Adelaide Christian school defends its ban on hiring gay teachers

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A religious school in Adelaide, Southern Vales Christian College, has defended its policy banning the hiring of gay teachers.

The school stipulates in an information pack for prospective employees that anyone same-sex attracted won’t be hired, 9News has reported.

“Our beliefs are such that we do not accept that homosexuality is appropriate,” the document says.

The document also goes on to declare the school wouldn’t employ anyone identifying as LGBTIQ.

The school’s principal told 9News they were committed to upholding “the values of its Christian faith and always aims to employ people who hold the same beliefs”, as reflected in the policy.

Equality Australia told the broadcaster the school’s policy is legal. Current laws allow religious schools and other organisations to discriminate in employment.

“You can empathise with a young person sitting in a classroom, whose own school is saying, ‘We don’t want you to work here,'” spokesperson Ghassan Kasseisieh said.

The Adelaide school has ties with the nearby Harvest Church.

The church believes homosexuality is “contrary to God’s order” and “a perversion of the natural order and believers cannot enter into it.”

Teacher speaks out about sacking from Christian school

Recently, teachers legally sacked from Christian schools for being gay have shone light on existing discrimination exemptions for religious organisations.

A teacher at a separate Sydney Christian school who was legally sacked after coming out spoke out earlier this month.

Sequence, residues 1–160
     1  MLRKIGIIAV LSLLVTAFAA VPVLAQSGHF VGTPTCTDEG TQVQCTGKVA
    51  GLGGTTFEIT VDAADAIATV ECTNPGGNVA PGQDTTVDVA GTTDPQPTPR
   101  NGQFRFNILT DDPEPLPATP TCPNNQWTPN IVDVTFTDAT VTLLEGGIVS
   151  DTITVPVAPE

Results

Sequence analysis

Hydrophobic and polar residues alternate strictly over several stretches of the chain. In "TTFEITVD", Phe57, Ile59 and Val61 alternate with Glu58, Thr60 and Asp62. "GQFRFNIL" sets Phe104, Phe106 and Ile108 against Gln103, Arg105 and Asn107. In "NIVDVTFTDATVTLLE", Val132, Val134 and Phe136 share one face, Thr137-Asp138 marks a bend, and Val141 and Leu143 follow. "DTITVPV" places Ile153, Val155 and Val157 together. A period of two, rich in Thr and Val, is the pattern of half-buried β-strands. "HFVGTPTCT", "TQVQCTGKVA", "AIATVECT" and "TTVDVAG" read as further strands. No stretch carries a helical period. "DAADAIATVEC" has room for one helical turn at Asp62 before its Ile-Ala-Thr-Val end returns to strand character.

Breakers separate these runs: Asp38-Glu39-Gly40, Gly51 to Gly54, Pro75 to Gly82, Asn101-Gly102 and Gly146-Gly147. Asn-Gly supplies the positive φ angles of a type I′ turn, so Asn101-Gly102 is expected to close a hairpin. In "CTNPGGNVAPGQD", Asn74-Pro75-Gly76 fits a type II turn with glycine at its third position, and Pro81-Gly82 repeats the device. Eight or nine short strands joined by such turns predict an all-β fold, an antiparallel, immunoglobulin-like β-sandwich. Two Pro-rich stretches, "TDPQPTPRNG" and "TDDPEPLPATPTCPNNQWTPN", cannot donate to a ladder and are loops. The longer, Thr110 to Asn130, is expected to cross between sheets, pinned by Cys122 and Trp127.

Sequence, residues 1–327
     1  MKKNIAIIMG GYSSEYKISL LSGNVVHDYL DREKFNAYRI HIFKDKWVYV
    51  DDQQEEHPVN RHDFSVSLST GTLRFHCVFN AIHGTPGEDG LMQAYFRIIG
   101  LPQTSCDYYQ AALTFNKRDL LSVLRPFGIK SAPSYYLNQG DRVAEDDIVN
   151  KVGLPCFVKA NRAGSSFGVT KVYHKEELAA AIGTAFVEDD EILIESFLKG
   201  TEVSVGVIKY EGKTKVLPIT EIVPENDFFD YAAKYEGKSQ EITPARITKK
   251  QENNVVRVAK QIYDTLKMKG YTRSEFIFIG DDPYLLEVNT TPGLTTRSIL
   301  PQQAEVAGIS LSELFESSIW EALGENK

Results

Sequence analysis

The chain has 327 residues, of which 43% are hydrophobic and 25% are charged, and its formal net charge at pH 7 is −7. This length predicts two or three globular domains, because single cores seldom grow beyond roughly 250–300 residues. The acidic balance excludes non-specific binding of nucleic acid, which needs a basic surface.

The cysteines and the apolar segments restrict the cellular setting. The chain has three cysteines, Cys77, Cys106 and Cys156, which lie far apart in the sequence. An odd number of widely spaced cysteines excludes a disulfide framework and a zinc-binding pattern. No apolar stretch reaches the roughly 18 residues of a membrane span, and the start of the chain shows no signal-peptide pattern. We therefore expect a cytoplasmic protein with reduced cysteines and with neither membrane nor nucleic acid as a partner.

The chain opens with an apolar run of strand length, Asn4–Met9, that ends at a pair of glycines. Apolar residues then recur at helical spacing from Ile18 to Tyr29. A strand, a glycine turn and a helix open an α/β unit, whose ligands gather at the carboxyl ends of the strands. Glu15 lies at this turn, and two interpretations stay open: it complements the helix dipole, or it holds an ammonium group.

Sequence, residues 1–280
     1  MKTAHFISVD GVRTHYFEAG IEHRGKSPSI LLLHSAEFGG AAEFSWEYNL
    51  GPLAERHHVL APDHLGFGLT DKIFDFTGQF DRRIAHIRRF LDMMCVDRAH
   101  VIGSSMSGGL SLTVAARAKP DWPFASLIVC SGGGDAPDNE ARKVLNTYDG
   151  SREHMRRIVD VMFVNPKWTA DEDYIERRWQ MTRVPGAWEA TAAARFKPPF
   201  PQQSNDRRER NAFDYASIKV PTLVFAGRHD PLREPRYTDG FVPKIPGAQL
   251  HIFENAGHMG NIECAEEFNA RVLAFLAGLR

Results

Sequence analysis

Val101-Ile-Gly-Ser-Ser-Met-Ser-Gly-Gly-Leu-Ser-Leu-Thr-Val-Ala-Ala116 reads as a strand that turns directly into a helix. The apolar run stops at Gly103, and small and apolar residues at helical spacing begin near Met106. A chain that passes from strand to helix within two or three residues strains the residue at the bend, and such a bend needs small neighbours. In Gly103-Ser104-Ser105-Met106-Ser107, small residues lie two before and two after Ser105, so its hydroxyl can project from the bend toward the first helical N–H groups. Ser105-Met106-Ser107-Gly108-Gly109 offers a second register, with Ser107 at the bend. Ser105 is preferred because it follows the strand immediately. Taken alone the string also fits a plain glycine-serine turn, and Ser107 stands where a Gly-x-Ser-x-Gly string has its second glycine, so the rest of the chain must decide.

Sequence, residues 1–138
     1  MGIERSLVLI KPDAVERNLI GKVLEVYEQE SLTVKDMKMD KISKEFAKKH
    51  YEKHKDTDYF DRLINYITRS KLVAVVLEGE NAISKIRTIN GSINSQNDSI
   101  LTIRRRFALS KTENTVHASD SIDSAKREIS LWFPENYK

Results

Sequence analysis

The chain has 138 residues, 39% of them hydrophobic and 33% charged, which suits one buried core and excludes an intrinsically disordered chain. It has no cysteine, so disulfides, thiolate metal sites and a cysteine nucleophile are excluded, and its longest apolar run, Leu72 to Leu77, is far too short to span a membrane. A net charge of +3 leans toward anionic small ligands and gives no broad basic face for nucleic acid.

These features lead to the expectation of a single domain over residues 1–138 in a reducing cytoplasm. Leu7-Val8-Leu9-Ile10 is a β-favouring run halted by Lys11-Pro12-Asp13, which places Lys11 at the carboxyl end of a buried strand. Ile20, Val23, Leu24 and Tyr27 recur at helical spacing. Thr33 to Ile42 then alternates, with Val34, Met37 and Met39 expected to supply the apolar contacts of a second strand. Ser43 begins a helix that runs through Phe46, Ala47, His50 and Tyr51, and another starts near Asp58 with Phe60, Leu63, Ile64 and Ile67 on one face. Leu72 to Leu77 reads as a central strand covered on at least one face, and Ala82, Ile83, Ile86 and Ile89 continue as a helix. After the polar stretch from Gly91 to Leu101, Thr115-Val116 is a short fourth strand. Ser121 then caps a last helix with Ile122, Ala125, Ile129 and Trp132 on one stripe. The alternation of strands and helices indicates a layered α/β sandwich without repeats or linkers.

Steph Lentz, raised as a conservative Protestant, came out as gay later in life. She told her bosses at the school she worked at, who then let her go.

“I felt that in the spirit of integrity and to honour the agreement I was under, I informed the school,” she said.

“[My view] that it’s okay to be gay, God doesn’t have a problem with it [and] Christian schools need queer people of faith to be models for students and families.

“But that didn’t gel with the school I was teaching at.”

She added, “Students need to know it’s okay to be who they are.

“There is no barrier to being fully who they are, and belonging in a community of faith.”

Lentz said she was sharing her story in light of the Morrison government’s controversial Religious Discrimination Bill.

Before the end of the year, Attorney-General Michaelia Cash plans to unveil a new draft of the long-delayed legislation.

Lentz said she hopes politicians “carefully consider the human impact of the decisions they make” around the Religious Discrimination Bill.

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